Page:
As the filter is used, the biological layer matures and thickens, causing the flow of water through the filter to slow. Recipients of filters are trained to watch for decreased flow and can renew the filter simply by skimming off any debris from the top of the sand, and by gently stirring the sand to break-up the biological layer. The quality of source water will determine how often this process is necessary. AHD has trained 400 villagers form 32 villages in this regard. Nadi Filter can last for many years with only basic maintenance by its owners. They are developed on-site from local materials, and have no electrical or mechanical parts to wear out. The combination of factors makes the Nadi Filter an extremely sustainable solution that is well-suited for remote areas.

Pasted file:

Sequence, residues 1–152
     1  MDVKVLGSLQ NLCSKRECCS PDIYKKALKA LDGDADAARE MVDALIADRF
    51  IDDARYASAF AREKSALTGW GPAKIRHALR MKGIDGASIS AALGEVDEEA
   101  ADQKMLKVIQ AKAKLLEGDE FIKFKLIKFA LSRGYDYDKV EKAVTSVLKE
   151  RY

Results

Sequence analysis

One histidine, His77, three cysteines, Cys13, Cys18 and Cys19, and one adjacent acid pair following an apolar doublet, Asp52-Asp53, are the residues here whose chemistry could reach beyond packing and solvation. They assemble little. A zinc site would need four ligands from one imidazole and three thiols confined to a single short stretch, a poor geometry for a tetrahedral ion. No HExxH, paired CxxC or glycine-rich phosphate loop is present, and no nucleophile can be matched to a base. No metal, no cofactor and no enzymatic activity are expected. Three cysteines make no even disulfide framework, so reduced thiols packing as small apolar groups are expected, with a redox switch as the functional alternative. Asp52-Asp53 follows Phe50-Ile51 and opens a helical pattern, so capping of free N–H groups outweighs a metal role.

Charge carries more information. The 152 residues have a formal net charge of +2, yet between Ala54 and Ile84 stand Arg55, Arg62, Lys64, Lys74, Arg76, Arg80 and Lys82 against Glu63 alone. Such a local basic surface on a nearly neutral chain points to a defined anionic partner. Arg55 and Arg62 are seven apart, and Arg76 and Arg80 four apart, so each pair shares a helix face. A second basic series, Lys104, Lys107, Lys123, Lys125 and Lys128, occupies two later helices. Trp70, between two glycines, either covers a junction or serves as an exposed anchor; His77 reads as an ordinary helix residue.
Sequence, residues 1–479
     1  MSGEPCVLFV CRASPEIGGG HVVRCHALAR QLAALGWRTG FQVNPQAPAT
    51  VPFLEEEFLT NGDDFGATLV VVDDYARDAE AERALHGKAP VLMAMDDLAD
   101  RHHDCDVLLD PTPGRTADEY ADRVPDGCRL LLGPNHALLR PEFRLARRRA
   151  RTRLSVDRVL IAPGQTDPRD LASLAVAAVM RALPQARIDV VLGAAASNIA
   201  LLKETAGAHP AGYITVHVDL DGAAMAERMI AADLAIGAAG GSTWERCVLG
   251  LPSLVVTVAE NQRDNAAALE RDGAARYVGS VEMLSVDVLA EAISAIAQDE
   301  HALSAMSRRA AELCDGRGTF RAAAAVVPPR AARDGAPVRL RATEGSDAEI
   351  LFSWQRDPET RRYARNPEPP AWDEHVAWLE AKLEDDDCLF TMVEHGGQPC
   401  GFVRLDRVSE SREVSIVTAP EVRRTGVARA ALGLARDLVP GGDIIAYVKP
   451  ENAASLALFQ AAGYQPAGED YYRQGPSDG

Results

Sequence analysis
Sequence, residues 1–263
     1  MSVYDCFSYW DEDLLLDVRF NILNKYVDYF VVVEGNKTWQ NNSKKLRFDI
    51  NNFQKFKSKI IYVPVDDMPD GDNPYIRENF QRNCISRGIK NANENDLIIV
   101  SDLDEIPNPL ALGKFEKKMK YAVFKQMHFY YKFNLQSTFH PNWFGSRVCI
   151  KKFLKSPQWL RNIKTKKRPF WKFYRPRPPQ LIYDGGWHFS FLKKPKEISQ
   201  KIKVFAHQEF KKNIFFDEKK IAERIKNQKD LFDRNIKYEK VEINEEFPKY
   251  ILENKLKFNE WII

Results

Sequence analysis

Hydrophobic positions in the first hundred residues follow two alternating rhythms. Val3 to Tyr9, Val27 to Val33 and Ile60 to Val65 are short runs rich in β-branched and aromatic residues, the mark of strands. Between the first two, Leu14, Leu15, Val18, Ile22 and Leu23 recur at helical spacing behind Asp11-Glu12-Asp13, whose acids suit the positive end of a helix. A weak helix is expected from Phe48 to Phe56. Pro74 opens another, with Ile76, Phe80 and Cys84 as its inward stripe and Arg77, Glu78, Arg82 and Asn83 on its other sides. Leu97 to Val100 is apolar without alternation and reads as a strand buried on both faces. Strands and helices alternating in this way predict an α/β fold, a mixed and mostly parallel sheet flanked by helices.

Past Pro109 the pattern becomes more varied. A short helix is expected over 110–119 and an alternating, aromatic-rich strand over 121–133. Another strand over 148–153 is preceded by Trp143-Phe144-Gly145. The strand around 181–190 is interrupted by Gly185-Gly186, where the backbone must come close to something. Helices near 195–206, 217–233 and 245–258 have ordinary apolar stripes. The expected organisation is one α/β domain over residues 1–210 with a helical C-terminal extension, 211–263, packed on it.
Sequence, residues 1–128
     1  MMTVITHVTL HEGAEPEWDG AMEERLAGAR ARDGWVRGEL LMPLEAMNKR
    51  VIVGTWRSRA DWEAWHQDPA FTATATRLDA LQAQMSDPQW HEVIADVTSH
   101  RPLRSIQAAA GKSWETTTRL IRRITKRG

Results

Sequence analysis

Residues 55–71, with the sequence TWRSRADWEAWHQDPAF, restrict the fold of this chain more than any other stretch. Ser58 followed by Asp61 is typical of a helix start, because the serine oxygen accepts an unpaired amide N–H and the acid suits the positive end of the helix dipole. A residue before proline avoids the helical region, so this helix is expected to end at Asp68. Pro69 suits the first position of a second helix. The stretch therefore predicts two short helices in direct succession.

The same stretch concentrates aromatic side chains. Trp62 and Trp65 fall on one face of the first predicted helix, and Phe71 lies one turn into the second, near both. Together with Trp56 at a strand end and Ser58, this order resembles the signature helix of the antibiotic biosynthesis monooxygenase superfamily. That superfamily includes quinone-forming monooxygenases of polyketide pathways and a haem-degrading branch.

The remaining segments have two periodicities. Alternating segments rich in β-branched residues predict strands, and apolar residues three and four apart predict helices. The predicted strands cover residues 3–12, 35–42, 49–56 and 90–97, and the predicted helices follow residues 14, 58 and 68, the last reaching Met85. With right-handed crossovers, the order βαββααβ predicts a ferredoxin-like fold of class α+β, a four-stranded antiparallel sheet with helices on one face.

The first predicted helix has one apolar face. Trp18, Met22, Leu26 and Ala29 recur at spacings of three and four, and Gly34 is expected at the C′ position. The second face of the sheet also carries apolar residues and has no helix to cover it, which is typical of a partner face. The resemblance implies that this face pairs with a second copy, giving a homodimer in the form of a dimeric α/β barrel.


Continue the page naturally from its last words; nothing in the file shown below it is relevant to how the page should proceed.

AHD has also established its own laboratory with major support provided by OXFAM to test the water purification level once filter is installed at household level. AHD has developed immense organizational potential and expertise and now extending its services to other NGOs which are interested to introduce the same.
4. Outcomes of the Project
The benefits to quality of life provided by the filters are substantial.